When Polgar’s expectant mother Vera arrived in Auschwitz in May of 1944 along with nearly half of Hungary’s Jewish population, the death camp was operating at peak efficiency, liquidating more than 132,000 inmates per month. The chances of anybody surviving Auschwitz were already not much more than one in ten, but for a pregnant woman they were far slimmer, which is why it was standard practice for Jewish inmate doctors to perform clandestine abortions as a life-saving measure for the mothers, who were otherwise almost certain to be cremated along with their newborn babies.
After one doctor offered Vera an abortion, her mother came to her in a dream, telling her: “Veruska, you are eight months pregnant, and you don’t do this because the fetus is already alive and ready to leave. Believe in God and He will be with you. Maybe a miracle will happen, but don’t do it!” The next day, Vera refused the doctor’s offer, and barely a month later – against all odds – her daughter Angela was not only born, but managed to survive; hidden until the camp’s liberation by Soviet troops the following month.
This week’s Torah reading introduces us to another child whose birth and survival seem to defy all odds. Like Angela Polgar thousands of years later, Moshe, the future savior of the Jews, is born in a brutal labor camp, facing near-certain death at the hands of his oppressors, and like Angela, he too manages to survive by hiding. And although Egyptian genocide was directed exclusively against the males, like the Nazi’s, they too pursued a carefully orchestrated plan designed to rob their victims of all hope, ultimately compelling the men of that generation to divorce their wives en masse rather than condemn their unborn children to near-certain death.
But just as Vera Polgar was visited by her mother in a dream, our oral tradition teaches us that Moshe’s father Amram – the leader of that generation – was also visited by a family member bearing a strikingly similar message: “His daughter [Miriam] said to him: Father, your decree is harsher than Pharaoh’s. Pharaoh’s decree was only against the males, but yours is against both the males and the females… [As a result of Miriam’s rebuke] they all remarried their wives.” (Talmud tractate Sota: 14a)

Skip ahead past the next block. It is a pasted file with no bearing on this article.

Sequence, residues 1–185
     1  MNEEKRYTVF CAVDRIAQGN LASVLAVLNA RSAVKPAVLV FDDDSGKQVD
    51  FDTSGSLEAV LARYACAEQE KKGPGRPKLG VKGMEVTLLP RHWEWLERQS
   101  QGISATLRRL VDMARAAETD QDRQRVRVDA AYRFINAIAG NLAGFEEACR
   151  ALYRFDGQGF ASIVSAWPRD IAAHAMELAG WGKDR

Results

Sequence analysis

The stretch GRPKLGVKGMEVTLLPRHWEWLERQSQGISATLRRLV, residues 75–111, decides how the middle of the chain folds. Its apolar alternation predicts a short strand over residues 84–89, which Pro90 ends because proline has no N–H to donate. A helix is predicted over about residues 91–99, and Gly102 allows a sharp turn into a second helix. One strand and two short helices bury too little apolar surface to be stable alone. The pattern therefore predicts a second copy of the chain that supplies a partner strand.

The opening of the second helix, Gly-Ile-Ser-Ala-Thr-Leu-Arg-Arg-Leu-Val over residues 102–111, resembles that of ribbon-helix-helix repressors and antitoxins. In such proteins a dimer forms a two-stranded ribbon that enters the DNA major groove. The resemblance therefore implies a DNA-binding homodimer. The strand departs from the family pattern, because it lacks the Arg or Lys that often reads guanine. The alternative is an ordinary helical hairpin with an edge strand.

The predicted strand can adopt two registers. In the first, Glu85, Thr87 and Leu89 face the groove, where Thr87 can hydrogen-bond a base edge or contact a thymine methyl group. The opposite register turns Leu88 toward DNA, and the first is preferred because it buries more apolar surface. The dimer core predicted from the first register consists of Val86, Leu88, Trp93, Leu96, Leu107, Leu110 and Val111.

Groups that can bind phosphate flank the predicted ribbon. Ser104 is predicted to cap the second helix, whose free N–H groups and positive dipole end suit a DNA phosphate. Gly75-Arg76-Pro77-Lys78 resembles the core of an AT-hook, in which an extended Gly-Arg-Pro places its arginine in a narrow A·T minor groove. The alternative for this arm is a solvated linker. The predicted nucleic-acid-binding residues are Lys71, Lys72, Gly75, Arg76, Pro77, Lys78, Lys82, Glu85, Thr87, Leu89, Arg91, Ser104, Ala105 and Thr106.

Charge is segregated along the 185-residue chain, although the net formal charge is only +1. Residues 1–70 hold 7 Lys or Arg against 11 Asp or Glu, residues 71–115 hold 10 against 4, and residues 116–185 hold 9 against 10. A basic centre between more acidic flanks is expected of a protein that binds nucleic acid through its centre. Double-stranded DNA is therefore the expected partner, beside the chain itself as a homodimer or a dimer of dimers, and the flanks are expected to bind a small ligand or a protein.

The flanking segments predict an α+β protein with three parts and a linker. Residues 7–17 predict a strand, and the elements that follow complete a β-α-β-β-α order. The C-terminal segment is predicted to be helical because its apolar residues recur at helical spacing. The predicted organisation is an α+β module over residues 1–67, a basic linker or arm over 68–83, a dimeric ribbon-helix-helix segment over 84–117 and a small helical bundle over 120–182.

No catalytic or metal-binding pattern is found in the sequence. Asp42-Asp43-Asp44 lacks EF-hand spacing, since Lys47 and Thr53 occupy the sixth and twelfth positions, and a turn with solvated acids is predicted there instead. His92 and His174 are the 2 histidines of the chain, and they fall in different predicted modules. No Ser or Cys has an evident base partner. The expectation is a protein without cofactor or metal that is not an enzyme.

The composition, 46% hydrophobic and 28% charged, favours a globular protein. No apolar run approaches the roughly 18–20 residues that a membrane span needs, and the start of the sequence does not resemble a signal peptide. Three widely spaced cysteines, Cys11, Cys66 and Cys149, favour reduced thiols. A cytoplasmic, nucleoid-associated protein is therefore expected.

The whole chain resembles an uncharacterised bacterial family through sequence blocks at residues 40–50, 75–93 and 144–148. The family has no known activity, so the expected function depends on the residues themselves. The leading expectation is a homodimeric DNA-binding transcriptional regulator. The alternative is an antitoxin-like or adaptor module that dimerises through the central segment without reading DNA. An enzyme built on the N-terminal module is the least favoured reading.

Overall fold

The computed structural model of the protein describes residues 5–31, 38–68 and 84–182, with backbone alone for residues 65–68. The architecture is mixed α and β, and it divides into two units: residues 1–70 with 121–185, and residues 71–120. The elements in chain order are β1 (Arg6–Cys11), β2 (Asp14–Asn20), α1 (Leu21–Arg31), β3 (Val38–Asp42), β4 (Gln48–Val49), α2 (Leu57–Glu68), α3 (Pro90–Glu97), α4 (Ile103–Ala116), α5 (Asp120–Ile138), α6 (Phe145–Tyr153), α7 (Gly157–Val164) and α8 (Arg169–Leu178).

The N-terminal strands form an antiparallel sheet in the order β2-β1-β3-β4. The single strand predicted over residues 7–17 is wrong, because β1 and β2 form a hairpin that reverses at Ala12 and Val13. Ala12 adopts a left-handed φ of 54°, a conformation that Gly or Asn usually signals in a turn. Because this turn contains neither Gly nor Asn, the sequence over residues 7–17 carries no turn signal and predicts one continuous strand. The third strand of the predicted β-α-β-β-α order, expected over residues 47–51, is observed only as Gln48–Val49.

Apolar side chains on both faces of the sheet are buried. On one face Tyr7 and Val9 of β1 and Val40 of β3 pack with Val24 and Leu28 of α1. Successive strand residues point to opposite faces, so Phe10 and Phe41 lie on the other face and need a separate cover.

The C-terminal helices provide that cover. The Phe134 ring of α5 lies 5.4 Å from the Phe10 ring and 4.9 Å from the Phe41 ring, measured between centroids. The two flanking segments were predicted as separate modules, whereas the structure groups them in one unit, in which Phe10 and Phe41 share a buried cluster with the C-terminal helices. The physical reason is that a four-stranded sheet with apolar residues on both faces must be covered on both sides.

Both Angela Polgar and Moshe were born as a result of an act of faith that defied reason and logic. It made no sense to bring children into a world where the only choices were death or a short life of pointless suffering and despair. But in both cases that’s exactly what their parents did, because when all is said and done, the value of even a single moment of life is beyond our ability to measure or comprehend. The inherent goodness of life has always been a basic axiom of Jewish belief, and is arguably one of the most important concepts we’ve bequeathed to the world. It factors heavily into our approach to major life issues, such as abortion and euthanasia. It should also influence the way we live our daily lives.
King David exhorts us to “Serve God with joy.” (Psalms 100:2) because joy is the emotion that we naturally feel when we see life for what it really is, without distortion. If we could see things as they truly are, we would realize that the mere fact that we woke up this morning is tantamount to winning the lottery. The winner of the ten million dollar jackpot doesn’t notice when he breaks a few dishes. Similarly, people who get a new lease on life aren’t bothered by things that used to be a big deal to them because they’re way too happy to be alive to even notice them.
This doesn’t mean that life is always going to feel good. There is no known antidote to our penchant for feeling down at times, nor should we ever judge or deny our feelings when we do. But in order for us to live productive and happy lives, we must maintain a healthy sense of perspective regarding our emotions. Positive thoughts and feelings, such as hopefulness, enthusiasm, compassion, a sense of humor and lightheartedness are all reliable indicators that we are heading in the right direction because life is inherently good. Negativity in any of its forms, on the other hand, is a pretty sure sign that we’re not.
Pain and suffering are a real part of life, and should never be minimized. That’s precisely why we must nurture our underlying faith in life’s essential goodness. This belief cannot come from our intellect alone, since we can just as easily rationalize that life is bitter and unfair. Rather, we must realize the simple truth that already lies within us – that no matter how difficult life can be, it’s worth it. Recognition of this simple truth brought redemption to Angela Polgar, Moshe and ultimately, the entire Jewish people. It can no doubt do the same for us as well.